Original Research ARTICLE
Elevated CO2 improves photosynthesis under high temperature by attenuating the functional limitations to energy fluxes, electron transport and redox homeostasis in tomato leaves
- 1Zhejiang University, China
- 2Henan University of Science and Technology, China
- 3Tea Research Institute (CAAS), China
Elevated atmospheric CO2 improves leaf photosynthesis and plant tolerance to heat stress, however, the underlying mechanisms remain unclear. In this study, we exposed tomato plants to elevated CO2 (800 µmol mol-1) and/or high temperature ( 42 °C for 24 h), and examined a range of photosynthetic and chlorophyll fluorescence parameters as well as cellular redox state to better understand the response of photosystem II (PSII) and PSI to elevated CO2 and heat stress. The results showed that, while the heat stress drastically decreased the net photosynthetic rate (Pn), maximum carboxylation rate (Vcmax), maximum ribulose-1,5-bis-phosphate (RuBP) regeneration rate (Jmax) and maximal photochemical efficiency of PSII (Fv/Fm), the elevated CO2 improved those parameters under heat stress and at a 24 h recovery. Furthermore, the heat stress decreased the absorption flux, trapped energy flux, electron transport, energy dissipation per PSII cross section, while the elevated CO2 had the opposing effects that eventually decreased photoinhibition, damage to photosystems and reactive oxygen species accumulation. Similarly, the elevated CO2 helped the plants to maintain a reduced redox state as evidenced by the increased ratios of ASA:DHA and GSH:GSSG under heat stress and at recovery. Furthermore, the concentration of NADP+ and ratio of NADP+ to NADPH were induced by elevated CO2 at recovery. This study unraveled the crucial mechanisms of elevated CO2-mediated changes in energy fluxes, electron transport and redox homeostasis under heat stress, and shed new light on the responses of tomato plants to combined heat and elevated CO2.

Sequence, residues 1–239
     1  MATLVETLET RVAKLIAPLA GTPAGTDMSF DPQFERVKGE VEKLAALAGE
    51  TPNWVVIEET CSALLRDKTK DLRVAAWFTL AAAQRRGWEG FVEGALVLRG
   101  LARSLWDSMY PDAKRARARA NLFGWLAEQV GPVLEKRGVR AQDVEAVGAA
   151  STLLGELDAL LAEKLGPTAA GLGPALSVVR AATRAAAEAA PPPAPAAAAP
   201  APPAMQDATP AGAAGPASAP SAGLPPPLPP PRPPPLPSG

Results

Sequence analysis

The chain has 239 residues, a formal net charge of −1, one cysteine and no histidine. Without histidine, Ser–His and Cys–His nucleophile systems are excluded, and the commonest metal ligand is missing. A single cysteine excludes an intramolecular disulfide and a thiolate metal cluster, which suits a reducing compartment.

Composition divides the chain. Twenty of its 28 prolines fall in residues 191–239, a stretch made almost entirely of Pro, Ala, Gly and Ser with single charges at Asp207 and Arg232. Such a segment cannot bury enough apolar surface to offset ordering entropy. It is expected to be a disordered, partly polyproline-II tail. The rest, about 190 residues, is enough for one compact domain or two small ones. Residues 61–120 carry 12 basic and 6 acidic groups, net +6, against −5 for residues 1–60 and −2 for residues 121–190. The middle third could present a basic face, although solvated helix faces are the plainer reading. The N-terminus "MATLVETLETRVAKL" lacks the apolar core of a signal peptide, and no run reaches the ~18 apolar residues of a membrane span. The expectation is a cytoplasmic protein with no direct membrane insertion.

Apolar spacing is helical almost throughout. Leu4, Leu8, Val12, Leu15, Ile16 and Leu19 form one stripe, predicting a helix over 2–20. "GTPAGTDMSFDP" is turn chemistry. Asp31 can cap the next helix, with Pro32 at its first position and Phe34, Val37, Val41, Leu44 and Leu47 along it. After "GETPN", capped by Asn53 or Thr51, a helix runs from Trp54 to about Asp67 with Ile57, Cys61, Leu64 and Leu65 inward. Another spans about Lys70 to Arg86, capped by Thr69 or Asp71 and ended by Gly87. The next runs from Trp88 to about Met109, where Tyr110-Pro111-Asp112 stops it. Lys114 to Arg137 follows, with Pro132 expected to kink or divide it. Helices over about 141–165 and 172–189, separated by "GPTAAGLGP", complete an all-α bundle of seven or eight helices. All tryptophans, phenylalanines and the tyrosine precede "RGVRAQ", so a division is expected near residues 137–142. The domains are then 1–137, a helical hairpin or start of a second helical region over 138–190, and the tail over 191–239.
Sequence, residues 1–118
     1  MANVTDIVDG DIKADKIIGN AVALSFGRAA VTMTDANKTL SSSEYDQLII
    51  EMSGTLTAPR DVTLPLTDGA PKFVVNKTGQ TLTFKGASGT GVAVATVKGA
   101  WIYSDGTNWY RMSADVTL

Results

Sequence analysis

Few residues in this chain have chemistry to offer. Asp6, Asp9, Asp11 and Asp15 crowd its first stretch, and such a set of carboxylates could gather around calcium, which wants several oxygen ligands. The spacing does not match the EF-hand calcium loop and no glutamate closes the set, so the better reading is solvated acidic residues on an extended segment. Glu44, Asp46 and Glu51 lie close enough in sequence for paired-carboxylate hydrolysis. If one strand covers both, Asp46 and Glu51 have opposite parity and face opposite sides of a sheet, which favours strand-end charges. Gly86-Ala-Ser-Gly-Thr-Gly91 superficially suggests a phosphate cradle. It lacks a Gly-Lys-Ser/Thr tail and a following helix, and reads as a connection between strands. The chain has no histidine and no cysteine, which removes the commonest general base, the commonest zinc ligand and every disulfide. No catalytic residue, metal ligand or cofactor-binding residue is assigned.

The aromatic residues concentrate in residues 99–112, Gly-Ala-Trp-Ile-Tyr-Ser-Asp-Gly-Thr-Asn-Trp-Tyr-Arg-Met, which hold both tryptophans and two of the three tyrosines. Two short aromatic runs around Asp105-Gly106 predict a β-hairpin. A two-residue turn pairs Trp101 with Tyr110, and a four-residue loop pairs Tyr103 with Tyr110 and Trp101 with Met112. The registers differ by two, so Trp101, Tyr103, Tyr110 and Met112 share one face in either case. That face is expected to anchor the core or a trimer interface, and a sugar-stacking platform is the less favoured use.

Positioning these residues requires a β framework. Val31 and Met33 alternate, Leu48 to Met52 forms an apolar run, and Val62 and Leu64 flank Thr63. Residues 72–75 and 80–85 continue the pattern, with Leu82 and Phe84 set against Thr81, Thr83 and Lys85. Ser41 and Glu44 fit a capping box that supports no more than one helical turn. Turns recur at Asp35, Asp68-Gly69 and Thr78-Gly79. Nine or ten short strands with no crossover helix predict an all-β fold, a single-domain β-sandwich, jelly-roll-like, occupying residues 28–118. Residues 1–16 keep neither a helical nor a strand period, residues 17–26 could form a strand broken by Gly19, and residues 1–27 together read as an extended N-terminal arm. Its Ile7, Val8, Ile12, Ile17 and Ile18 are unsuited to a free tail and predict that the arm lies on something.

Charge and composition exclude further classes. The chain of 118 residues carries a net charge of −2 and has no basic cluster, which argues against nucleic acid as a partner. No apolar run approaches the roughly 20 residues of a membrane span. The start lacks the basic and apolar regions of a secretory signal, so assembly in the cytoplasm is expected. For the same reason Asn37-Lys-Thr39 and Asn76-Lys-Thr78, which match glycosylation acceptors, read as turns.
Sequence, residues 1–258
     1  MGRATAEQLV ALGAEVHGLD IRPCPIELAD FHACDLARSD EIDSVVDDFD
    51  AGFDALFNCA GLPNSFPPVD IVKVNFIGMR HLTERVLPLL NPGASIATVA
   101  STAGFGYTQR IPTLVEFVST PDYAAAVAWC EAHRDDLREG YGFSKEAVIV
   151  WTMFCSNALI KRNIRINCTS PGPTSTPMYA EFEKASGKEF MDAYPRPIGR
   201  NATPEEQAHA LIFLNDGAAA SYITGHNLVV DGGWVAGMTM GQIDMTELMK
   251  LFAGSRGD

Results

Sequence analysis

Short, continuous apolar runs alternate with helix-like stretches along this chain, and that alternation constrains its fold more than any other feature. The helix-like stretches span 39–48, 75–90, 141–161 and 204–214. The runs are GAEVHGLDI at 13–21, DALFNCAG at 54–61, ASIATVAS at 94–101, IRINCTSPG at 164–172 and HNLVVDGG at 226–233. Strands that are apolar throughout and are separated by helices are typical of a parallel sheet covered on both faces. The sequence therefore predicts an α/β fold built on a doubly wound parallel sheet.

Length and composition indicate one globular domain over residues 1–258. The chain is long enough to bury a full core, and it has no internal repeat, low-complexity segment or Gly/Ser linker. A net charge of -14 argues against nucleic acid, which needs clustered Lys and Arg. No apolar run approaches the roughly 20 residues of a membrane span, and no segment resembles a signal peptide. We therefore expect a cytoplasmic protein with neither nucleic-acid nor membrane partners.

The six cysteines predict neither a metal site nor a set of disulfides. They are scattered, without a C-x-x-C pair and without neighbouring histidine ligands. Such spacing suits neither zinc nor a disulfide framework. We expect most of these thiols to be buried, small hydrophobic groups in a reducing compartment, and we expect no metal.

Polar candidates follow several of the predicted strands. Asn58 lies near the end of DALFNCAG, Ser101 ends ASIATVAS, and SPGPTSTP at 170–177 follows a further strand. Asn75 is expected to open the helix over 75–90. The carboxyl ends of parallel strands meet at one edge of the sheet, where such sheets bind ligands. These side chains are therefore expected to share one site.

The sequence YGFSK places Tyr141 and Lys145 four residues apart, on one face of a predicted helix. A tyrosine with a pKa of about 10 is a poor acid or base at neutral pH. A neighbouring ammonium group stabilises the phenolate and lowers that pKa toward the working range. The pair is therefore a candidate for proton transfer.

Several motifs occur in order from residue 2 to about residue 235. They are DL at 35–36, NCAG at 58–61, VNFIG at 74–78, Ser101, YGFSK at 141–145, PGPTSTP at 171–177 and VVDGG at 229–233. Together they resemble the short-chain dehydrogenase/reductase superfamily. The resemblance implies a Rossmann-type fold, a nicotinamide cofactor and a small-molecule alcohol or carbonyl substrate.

Keywords: Heat stress, elevated CO2, Chlorophyll fluorescence transient, redox, Electron Transport, Tomato
Received: 05 Aug 2018;
Accepted: 08 Nov 2018.
Edited by:Marian Brestic, Slovak University of Agriculture, Slovakia
Reviewed by:Parvaiz Ahmad, Sri Pratap College Srinagar, India
Basharat Ali, Universität Bonn, Germany
Copyright: © 2018 Pan, Ahammed, Li and Shi. This is an open-access article distributed under the terms of the Creative Commons Attribution License (CC BY). The use, distribution or reproduction in other forums is permitted, provided the original author(s) and the copyright owner(s) are credited and that the original publication in this journal is cited, in accordance with accepted academic practice. No use, distribution or reproduction is permitted which does not comply with these terms.
* Correspondence: Dr. Golam Jalal Ahammed, Henan University of Science and Technology, Luoyang, China, email@example.com